“Wait a minute,” the doctor countered. “You can’t argue externalities are both the cause and the consequence of your insecurities as a woman, you know.”

“Is that how it sounds?” she said. “I’m not sure I meant to put it that way, but now that you state it so clearly, I guess that’s precisely the point.” She added with sudden vigour. “How do you question a system, even critically view it, when you’re stuck within it? There’s no alternative frame of reference to use. It’s like having ideas, but not having a language to explain them with; do you see what I mean?”

“I think so. Is that feminist theory? This idea of not having language, as you call it …”

“It’s common sense. But the two aren’t mutually exclusive, you know.”

“I don’t get it. If this shared language is all that important, why did you come to me?”

“You mean, because you’re a man?”

“Yes. That alone disqualifies me, don’t you think? Won’t I completely lack the language to understand your choices?”

“But you did understand. You said yourself that motherhood was special …”

He seemed to want to argue the point further but let it go with a shake of his head. “And this? …” he eventually asked. “Is this your way of breaking free?”

“It’s a matter of principle, yes.”

The frown on his face deepened.

A silence fell over them for a while, till she said, seemingly out of nowhere, “I think I know why they say being a mother is so special. The only way to justify a mistake you’ve made is by being happy, so that you’d somehow believe that this was an act of reason, a conscious choice, all along.”

The doctor looked at her with a hint of emotion, something that she could neither identify nor fathom. Before either of them could say another word though, a nurse announced that it was time.

They wheeled her in.

As the doctor flashed her a reassuring smile before slipping the gloves on to his long, sensuous fingers, a fleeting thought rose at the back of her mind, that she would not have considered removing her breasts in a million years, despite all her talk about principle. Ashamed at her own vanity, she welcomed the dull, throbbing daze that now enveloped her. She smiled, or tried to, as she noticed the doctor looking at her with honest concern.

Her eyes closed.

When she woke up, she felt no different, except for the strange sense of knowing. She looked around, but the doctor was not there. A nurse told her that he was looking in on another patient and her newborn child. Not to worry, he would come by soon.

Her disappointment seemed childish, even to her. He was, after all, just another good-looking guy, and she had much more important things on her mind.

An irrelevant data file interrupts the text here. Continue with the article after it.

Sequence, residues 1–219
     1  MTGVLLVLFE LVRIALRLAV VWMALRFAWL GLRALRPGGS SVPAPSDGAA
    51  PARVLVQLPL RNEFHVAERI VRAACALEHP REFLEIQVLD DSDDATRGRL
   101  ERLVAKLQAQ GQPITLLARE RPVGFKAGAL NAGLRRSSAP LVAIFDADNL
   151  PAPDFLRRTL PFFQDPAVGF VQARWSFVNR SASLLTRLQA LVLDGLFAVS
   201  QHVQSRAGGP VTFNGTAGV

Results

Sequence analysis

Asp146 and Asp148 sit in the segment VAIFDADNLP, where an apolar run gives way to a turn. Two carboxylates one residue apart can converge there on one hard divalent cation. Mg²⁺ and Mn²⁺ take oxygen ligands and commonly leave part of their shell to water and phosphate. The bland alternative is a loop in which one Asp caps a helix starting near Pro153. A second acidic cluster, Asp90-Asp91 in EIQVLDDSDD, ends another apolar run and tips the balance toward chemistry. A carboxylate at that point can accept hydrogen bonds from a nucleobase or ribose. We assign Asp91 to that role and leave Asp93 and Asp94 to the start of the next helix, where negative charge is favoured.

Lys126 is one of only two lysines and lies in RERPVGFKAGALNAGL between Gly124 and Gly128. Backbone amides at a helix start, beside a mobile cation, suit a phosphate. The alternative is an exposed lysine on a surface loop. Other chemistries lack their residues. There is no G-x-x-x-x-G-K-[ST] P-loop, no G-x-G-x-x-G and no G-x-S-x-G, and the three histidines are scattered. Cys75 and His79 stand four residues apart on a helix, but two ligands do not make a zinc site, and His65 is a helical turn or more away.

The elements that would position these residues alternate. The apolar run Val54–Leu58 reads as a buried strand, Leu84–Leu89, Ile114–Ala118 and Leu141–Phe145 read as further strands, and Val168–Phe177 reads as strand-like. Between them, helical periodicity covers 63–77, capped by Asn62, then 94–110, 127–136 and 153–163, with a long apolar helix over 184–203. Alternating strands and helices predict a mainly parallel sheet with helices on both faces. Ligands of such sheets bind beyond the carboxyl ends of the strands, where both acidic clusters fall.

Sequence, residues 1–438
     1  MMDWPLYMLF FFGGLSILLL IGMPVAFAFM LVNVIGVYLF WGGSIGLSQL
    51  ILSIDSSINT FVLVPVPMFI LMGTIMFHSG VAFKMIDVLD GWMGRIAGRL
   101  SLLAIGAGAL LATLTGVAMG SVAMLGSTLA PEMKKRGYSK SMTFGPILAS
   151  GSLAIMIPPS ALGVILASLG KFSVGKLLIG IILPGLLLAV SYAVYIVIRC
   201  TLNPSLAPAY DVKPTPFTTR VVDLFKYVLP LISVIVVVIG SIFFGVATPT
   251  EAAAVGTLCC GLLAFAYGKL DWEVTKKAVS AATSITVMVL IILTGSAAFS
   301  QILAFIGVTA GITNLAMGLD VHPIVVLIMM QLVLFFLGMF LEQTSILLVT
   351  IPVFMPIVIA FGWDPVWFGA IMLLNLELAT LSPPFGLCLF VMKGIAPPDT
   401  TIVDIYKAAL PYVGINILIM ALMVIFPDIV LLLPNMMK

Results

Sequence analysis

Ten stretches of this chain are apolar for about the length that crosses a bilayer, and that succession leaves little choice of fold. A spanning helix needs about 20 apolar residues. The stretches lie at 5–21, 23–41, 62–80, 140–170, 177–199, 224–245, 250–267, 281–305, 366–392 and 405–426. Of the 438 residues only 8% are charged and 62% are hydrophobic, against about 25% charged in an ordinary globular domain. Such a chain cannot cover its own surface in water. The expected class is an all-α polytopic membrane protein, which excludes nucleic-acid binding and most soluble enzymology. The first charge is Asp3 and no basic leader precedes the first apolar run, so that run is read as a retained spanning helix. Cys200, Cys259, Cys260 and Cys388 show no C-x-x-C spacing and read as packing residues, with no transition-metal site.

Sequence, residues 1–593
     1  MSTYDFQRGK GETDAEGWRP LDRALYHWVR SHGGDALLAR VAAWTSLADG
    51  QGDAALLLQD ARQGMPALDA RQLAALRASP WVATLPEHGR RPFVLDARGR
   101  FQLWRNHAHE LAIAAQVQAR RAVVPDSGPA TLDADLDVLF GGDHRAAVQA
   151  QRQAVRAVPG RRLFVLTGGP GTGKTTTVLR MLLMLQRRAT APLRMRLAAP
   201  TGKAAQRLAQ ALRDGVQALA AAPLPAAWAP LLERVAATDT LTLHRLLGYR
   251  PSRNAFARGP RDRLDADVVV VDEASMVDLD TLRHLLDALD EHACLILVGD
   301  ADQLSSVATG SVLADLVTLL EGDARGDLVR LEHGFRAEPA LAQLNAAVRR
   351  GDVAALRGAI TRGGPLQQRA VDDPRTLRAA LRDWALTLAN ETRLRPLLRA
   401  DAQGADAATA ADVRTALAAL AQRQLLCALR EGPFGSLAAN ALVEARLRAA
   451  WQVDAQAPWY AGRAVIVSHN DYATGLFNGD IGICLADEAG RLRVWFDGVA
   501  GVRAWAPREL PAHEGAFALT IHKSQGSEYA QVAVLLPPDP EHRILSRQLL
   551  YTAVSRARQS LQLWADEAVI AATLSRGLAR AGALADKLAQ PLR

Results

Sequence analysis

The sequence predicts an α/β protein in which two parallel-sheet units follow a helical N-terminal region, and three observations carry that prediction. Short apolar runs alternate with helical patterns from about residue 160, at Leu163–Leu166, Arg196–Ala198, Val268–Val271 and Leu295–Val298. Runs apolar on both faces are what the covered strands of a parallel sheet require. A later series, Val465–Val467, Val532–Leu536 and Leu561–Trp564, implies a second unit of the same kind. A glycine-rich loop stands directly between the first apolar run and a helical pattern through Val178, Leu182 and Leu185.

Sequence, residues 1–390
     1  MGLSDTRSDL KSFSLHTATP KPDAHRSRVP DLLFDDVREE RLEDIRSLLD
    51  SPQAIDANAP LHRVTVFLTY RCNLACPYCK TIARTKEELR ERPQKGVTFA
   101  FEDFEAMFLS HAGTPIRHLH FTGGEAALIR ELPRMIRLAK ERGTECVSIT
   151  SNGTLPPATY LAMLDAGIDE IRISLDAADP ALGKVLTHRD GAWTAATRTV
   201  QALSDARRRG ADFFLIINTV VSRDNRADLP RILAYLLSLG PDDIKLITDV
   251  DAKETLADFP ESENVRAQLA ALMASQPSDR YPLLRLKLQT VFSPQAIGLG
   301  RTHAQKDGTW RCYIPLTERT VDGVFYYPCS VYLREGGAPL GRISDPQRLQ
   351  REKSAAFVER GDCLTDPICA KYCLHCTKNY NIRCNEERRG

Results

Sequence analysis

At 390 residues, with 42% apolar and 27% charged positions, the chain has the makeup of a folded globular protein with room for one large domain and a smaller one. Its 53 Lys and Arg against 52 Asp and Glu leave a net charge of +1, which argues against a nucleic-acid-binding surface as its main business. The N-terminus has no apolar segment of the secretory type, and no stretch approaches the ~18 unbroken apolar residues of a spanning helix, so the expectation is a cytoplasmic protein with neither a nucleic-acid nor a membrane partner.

She sank back with a sigh on to the pillows, ignoring the deeper, unnamable regret that reached out to receive her. But she could not, would not, admit the unbreakable, unspeakable bond she now shared with the very women she had disdainfully rejected.

It was an informed choice, a rational decision, a decision that celebrated her freedom as a woman.

It was too painful to think otherwise.




Reprinted with the permission of the author, this short story appears in Body Boundaries: The EtiquetteSG Anthologies Volume 1, edited by Tania De Rozario, Zarina Muhammad and Krishna Udayasankar, published by The Literary Centre, Singapore (2014). On-line sale at Ethos Books. You can read a short introduction to the anthology here.

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Krishna Udayasankar is the author of The Aryavarta Chronicles Book 1: Govinda – the first book in a series of novels that draw on the stories and scriptures at the heart of Indian myth and ancient history to present a socio-political tale of change and revolution. She is also the author of Objects of Affection, a collection of prose-poems. Krishna’s journey to becoming a writer took her through degrees in law from NLSIU, Bangalore and a PhD. in Strategic Management from Nanyang Business School, Singapore, where she currently works as a lecturer.

About Jee Leong Koh

My book of poems Steep Tea (Carcanet) was named a Best Book of 2015 by UK's Financial Times, and a Finalist by Lambda Literary. I also wrote three other books of poems and a book of zuihitsu. My work has been shortlisted for the Singapore Literature Prize, and translated into Japanese, Chinese, Vietnamese, Russian and Latvian. Originally from Singapore, I live in New York City, where I edit the arts blog Singapore Poetry, and run the Second Saturdays Reading Series and the Singapore Literature Festival in NYC.